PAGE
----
Turning out in the dark listening for bats and trying to sight them is not everyone’s idea of a way to spend Saturday night but that is just what nineteen amateur ecologists did in August. Led by bat expert Harold Green of the Merseyside and West Lancashire Bat Group and using high tech frequency detectors, four species were definitely recorded and identified.
The species identified were Common and Soprano Pipistrelle Bats, Daubentons Bat and Whiskered Bat whilst other sounds recorded were too faint to clearly identify. There was activity both on the canal and nearby Paddington meadows. Bats, depending on species, can travel between 5 miles and 50 miles to feed and take up to 3,000 tiny insects in an evenings activity.
Anne Price, Press Officer New Cut Heritage Trail and Ecology Group, said ”It is delightful how so much wildlife has colonised what was a derelict industrial site with a canal bed, heavily contaminated from the industrial revolution and a Victorian waste tip all within 200 yards of an extremely busy main road. Everyone is optimistic that there are more species to be discovered living there”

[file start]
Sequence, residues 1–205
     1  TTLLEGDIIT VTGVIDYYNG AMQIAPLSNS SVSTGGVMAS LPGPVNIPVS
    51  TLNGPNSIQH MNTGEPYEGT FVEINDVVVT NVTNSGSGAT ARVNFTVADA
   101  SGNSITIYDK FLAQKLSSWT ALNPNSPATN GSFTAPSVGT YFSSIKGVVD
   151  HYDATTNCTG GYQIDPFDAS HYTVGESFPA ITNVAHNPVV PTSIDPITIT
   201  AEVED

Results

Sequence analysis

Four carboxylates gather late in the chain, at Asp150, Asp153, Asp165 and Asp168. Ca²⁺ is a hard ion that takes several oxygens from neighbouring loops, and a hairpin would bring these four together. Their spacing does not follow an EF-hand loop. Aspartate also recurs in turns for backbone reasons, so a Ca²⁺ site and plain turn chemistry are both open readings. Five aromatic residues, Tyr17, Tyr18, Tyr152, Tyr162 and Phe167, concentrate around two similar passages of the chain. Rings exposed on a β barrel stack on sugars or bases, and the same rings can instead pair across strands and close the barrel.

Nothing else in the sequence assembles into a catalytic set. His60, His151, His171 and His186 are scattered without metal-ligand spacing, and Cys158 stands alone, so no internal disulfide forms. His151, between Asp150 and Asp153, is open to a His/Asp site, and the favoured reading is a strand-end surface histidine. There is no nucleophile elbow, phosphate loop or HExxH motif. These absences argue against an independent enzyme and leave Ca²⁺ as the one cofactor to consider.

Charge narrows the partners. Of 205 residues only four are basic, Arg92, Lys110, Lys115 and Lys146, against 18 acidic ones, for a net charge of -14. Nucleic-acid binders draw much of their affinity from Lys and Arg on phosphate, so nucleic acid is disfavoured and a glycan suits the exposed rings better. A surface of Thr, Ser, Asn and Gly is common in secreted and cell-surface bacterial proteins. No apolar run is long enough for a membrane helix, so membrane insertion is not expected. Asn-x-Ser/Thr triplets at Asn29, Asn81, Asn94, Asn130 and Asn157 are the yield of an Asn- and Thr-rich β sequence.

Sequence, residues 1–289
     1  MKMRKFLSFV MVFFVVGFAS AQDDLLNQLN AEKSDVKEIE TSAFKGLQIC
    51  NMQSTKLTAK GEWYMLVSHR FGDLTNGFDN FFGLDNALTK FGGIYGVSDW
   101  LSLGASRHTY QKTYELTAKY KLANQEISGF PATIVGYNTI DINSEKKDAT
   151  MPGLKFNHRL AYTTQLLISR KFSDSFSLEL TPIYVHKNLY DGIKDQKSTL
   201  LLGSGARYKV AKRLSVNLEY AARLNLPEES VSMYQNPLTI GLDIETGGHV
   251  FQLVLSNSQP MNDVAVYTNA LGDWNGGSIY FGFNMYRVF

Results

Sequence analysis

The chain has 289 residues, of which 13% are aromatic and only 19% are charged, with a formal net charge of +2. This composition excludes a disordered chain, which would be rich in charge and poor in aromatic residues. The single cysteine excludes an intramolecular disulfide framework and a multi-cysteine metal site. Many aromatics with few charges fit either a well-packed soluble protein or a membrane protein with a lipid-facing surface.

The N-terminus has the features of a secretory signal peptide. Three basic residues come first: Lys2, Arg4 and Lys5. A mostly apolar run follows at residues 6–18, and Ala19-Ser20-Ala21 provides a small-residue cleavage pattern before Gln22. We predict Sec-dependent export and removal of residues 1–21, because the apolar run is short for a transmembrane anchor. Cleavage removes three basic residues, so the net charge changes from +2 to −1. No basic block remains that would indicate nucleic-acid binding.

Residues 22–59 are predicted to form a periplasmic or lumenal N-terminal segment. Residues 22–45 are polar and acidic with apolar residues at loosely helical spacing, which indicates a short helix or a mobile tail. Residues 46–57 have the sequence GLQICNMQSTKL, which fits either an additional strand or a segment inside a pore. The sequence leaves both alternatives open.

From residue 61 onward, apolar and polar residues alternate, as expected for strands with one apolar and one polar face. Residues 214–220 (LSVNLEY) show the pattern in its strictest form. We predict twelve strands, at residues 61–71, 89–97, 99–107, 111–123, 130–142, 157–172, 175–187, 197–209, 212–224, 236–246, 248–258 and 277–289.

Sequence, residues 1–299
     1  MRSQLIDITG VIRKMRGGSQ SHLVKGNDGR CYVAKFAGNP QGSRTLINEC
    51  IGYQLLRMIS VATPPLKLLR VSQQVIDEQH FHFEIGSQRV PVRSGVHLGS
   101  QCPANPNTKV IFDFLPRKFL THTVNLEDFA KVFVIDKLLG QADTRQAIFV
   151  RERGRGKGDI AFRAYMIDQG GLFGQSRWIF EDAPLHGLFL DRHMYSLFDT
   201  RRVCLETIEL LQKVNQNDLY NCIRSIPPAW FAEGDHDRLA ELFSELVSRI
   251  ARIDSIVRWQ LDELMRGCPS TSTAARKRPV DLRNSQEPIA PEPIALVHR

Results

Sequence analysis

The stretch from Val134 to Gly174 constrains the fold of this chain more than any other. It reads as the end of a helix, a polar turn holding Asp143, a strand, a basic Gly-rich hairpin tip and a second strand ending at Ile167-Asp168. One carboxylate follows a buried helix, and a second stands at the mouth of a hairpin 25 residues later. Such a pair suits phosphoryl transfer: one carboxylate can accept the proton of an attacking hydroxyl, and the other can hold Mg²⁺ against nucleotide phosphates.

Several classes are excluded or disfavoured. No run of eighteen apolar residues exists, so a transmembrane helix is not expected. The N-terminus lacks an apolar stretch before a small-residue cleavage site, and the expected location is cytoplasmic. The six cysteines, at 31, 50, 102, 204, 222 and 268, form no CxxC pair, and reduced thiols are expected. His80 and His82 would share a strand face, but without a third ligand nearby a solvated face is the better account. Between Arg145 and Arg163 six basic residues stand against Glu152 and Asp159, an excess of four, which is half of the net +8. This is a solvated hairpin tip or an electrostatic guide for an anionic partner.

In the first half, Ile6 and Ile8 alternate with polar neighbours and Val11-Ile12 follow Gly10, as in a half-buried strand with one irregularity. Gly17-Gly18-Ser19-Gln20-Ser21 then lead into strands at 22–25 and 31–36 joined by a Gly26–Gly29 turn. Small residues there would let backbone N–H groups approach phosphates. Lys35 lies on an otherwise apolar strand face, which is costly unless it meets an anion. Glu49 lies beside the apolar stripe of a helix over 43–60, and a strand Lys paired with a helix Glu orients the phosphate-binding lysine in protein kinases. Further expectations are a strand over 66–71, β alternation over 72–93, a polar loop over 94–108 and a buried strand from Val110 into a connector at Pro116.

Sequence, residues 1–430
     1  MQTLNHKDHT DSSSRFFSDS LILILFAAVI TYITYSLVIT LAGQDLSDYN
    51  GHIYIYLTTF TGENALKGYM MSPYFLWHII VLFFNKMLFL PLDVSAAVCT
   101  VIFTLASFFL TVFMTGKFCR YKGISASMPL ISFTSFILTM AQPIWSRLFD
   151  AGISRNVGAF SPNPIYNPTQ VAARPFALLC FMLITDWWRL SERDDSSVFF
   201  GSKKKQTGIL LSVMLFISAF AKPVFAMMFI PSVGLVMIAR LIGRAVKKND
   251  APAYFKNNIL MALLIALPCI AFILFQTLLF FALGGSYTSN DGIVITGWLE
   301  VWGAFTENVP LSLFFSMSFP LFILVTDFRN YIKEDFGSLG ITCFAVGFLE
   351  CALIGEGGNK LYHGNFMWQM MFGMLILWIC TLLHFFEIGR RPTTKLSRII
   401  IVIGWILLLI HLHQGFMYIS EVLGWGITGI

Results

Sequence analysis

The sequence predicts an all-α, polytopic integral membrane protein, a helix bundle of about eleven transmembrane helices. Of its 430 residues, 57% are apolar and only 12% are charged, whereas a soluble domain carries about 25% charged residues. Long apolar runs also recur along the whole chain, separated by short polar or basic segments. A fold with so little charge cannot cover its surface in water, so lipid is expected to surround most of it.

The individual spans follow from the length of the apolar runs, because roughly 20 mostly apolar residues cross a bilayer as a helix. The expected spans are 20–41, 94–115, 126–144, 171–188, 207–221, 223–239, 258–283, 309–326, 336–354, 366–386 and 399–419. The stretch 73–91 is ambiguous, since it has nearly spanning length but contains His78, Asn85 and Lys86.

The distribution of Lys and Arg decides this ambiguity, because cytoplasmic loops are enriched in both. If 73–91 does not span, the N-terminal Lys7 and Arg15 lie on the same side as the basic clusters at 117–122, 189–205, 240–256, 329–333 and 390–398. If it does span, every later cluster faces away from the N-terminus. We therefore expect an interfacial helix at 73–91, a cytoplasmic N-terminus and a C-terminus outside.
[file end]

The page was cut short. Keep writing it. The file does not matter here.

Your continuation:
Willow Tits thriving
Experienced ornithologists have monitored the willow tits nesting amongst the tree canopy growing from the bed of the canal and have now found that a second pair of birds has taken up residency and both pairs had offspring this year. It is believed that the young birds fledged successfully and left the nests although there is concern that a family of mink seen recently a short distance down river could be a threat to these rare birds.
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